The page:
Every growing season, Bruno Tomaszewska heads to Duris Farm in Puyallup and returns with buckets. And buckets. And more buckets of cucumbers.
Last season, he bought enough to pickle more than 500 gallons to use in the pickle soup, hangover soup and beef rouladen at his German-Polish restaurant, Bruno’s European Restaurant.
And that’s not the only item Bruno and wife Krystyna insist on making by hand, which is an elaborate undertaking considering the Lakewood restaurant seats 118 and seems perpetually busy, something that’s courtesy of a high-profile appearance in a 2013 episode of the Food Network’s “Diners, Drive-Ins and Dives.”
From the handmade category, there’s the hand-stuffed farmers cheese pierogi. The schnitzel is hand pounded every morning. That terrific cucumber salad with the paper-thin slices? Bruno tastes every batch to ensure its dressing intersects the perfect balance of sweet to sour.
Never miss a local story.
It’s that attention to detail and the restaurant’s consistent execution that leads me to give the restaurant my highest recommendation a little more than six months after moving to its new location from its smaller 66-seat restaurant in Parkland, which Bruno and Krystyna opened in 2011. Before that, they operated a tiny four-table restaurant, that also was in Lakewood.
Bruno’s success is in its uncomplicated format. “It’s very simple, very homemade food,” is how Krystyna describes the menu of German, Polish and other Eastern European dishes.
Plates come piled with food prepared with little fussiness in plating or garnish. It’s a homey style that makes some diners nostalgic for their oma’s home cooking.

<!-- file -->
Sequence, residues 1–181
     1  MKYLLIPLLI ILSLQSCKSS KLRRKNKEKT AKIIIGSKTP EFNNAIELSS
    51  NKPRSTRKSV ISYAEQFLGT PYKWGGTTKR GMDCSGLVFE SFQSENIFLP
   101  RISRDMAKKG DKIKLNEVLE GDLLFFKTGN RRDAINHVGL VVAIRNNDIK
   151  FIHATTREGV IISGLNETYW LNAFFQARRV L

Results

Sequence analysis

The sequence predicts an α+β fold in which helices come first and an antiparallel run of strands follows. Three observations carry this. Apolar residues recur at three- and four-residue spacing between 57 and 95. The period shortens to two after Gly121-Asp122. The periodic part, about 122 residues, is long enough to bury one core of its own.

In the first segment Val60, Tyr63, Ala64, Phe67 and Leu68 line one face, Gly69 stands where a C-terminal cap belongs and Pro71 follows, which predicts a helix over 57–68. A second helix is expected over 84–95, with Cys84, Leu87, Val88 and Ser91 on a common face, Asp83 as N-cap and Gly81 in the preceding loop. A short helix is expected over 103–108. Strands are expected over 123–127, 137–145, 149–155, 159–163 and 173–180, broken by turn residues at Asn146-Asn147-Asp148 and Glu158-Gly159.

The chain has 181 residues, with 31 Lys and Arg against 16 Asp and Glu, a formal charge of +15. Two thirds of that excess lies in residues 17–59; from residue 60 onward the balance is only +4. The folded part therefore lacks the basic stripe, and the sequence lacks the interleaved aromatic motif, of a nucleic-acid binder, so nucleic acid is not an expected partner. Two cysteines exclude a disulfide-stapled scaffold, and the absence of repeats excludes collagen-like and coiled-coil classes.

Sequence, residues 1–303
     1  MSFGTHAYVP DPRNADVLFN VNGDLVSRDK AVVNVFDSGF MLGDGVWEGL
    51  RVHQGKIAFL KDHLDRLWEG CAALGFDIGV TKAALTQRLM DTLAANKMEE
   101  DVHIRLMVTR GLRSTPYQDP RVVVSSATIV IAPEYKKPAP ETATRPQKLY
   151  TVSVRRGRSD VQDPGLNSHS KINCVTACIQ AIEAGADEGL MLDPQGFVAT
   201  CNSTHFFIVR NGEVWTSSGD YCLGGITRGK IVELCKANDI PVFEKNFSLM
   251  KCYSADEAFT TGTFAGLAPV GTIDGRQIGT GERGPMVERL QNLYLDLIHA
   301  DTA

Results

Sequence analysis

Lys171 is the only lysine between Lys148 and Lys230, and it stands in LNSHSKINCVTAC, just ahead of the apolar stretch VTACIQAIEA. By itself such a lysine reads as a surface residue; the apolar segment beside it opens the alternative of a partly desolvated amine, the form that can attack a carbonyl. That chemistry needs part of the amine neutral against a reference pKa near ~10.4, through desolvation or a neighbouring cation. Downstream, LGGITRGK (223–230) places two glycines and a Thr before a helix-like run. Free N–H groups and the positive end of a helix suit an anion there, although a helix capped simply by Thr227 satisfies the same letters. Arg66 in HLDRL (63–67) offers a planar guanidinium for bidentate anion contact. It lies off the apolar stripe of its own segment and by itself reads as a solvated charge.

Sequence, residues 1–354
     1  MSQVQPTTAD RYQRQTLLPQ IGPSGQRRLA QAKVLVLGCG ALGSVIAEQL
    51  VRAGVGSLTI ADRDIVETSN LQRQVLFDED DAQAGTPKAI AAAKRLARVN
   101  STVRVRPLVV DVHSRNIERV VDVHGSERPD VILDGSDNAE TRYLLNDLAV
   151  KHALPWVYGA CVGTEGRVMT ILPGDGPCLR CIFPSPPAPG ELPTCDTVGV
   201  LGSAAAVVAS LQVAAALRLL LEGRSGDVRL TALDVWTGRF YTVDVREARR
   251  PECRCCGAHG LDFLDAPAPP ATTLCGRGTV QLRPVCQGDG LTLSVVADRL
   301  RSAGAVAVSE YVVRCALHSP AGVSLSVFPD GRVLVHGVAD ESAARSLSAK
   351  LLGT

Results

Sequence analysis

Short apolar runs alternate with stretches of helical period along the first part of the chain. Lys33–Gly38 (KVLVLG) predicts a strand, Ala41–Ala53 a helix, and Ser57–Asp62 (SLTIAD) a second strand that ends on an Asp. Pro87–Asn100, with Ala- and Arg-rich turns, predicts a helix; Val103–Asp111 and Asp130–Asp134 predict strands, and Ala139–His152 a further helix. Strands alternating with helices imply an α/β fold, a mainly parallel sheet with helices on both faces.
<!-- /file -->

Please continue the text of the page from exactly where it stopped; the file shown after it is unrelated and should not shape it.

The restaurant, too, is quite simple. The soaring, v-shaped ceiling pays homage to an expansive German beer hall (minus the communal seating).
Two dining rooms are broken by a hostess station (that I’ve never seen occupied). Well-spaced tables and booths veer to the left. A fireplace flanks the dining area to the right.
Nods to Germany are sprinkled throughout — from a row of beer steins on a shelf up high to pictures of German landscapes and a shadow box filled with dried Edelweiss.
If I could make any change to the restaurant, it’d be that the restaurant staff the host station for better traffic control. On each of my four visits since the restaurant relocated, I waited — and waited — for busy staffers to acknowledge my party’s entry. However, once seated, the service was always friendly — and oh so fast.
Bruno’s might be the only restaurant where you’ll spend more time waiting for a table than for the food. While table waits could extend 20-30 minutes, the first course never took more than 15 minutes to arrive, and service always came with a smile — and an apology when dishes were forgotten (an occasional occurrence).
The menu lists soups, sandwiches, smaller homestyle international specialties and heartier entrees served at both lunch and dinner.
Soups are a terrific introduction ($3.50 cup/$6.50 bowl). Those housemade dill pickles show up in Saturday’s soup special, a sour pickle and vegetable soup with a light broth and heavy helping of dill. Goulash, a daily offering along with the pickle-studded hangover soup, was brilliant orange from paprika and loaded with hunks of beef. Mushroom soup, another soup-of-the-day offering, was the tangy offspring of stroganoff, with meaty slices of mushroom in a sour cream base. A crusty roll and pat of Darigold butter always come on the side.